In the wake of the announcement that it plans to split its Mobile Devices and Broadband & Mobility Solutions divisions into two separate businesses, Motorola has laid off several engineers, some working on research and development of mobile devices.
According to the communications technology giant, the layoffs affected research and development employees and research and development support groups at Motorola's engineering facility based in Plantation, Fla. The vendor confirmed the layoffs on Thursday, but would not provide a specific number of employees affected.
"Motorola confirms that as part of its strategic review of business operations, which includes a previously announced $500 million cost-reduction initiative, the company has implemented workforce reductions aimed at making financial resources available for strategic business investment, while better aligning operational costs and expenses with business growth," a Motorola representative said in statement emailed to ChannelWeb.com.
"Eligible affected employees are being provided with severance packages and outplacement support," the statement continued. "The company anticipates filing an 8K next week."
While Motorola wouldn't confirm the number of employees laid off, sources told ChannelWeb that 350 engineers in the Plantation facility were let go. It was unclear Thursday if more were affected.
Motorola said the Plantation facility houses several operations branches, including mobile devices, government and public safety and home and network mobility divisions.
The goal of the layoffs, Motorola said, is to help position Motorola for sustained future growth.
"We're continually evaluating opportunities for increased efficiencies and cost savings so further cost saving measures will be announced as opportunities are identified," said Paula Thornton-Greear, a Motorola spokeswoman.
The layoffs came the same day the Schaumburg, Ill.-based vendor announced that it is spinning off its struggling Mobile Devices business, which had come under fire from shareholders for underperformance and poor leadership.
In a conference call Wednesday morning, Motorola CEO Greg Brown said the decision to split Mobile Devices and Broadband & Mobility Solutions into two separate, publicly traded companies came after an evaluation of structural and strategic realignment of its businesses to create better success for both independent arms.
Motorola's Mobile Devices business has been struggling of late, in the final quarter of last year, Motorola told investors that net profit was down 84 percent and sales of mobile phones fell 38 percent. Conversely, rivals like Samsung and Nokia continued success.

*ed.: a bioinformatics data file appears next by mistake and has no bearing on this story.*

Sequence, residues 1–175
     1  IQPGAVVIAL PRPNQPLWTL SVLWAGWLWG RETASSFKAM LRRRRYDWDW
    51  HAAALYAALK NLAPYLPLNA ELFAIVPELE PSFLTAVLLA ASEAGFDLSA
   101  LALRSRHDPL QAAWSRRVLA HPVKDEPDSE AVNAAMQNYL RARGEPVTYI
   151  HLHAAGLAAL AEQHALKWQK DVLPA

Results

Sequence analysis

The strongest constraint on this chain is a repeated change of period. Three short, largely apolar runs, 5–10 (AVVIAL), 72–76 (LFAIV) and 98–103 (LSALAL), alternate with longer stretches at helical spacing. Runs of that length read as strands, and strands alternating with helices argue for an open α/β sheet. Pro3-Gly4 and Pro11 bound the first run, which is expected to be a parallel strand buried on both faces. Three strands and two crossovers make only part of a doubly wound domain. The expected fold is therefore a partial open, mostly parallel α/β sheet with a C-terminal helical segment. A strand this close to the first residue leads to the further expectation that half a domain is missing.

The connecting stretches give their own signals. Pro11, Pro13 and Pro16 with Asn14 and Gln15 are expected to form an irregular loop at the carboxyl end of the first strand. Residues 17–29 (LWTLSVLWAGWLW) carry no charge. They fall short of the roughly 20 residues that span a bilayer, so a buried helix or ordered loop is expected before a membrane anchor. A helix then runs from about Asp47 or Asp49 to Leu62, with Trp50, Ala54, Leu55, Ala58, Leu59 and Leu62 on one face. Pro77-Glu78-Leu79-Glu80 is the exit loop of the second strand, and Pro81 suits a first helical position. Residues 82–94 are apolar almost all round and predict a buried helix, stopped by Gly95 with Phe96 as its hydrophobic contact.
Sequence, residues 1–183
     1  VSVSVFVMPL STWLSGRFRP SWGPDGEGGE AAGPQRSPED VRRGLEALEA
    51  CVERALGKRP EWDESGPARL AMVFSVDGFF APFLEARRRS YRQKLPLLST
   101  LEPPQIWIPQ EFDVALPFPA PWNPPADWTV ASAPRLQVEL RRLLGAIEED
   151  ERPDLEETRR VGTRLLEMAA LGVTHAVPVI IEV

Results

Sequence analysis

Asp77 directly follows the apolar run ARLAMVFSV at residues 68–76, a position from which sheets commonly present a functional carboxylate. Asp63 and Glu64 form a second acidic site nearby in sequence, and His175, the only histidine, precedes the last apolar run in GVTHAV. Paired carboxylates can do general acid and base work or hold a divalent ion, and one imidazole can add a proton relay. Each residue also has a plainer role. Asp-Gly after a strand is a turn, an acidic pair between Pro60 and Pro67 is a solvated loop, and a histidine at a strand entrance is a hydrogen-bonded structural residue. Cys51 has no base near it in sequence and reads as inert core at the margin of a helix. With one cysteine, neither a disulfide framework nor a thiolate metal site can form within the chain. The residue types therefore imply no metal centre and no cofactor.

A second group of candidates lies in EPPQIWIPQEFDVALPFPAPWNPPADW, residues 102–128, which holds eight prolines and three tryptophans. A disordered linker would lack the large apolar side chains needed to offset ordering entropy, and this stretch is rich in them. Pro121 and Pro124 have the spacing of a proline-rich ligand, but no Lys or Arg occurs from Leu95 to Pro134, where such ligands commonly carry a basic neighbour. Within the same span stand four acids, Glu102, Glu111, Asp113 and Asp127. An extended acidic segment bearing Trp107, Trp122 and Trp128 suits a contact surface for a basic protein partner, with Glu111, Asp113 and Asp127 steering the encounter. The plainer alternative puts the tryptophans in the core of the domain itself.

The hunt is now on for a CEO to head up the Mobile Devices business, Brown said. He said he hopes the spinoff will help Motorola capture the success in the device market that it had when it introduced the widely popular Moto RAZR and the Motorola Q smartphone just a few years ago.
"We expect this action to enhance the pace of recovery in Mobile Devices, to pave the way for its return as a leader in its industry, to accelerate our efforts to attract a new leader and to create shareholder value," Brown said in the conference call.
The split came just days after Carl Icahn, Motorola's second-largest shareholder filed a lawsuit requesting documents pertaining to the ailing Mobile Devices division. Icahn chastised Motorola for poor leadership said the device business has "gone from bad to worse" and has become a "stockholders' nightmare."
Icahn's suit demands that Motorola turn over records pertaining to the struggling Mobile Devices business and documents detailing the use of a corporate jet by top Motorola executives and their families. Icahn claimed the devices business was lagging due to poor guidance by the board of directors. He requested documents that offered insight into the direction of the devices business.
"Over the past 12 months the statements and predictions of Motorola's management and the Board about the Mobile Devices business have too often proven to be wrong," Icahn wrote in a statement. "We want to ascertain what the board could have done in the exercise of its fiduciary duty to assure Motorola stockholders that Motorola's statements and predictions were not incorrect and would not provide Motorola stockholders with an inaccurate perspective on the prospects for the Mobile Devices business."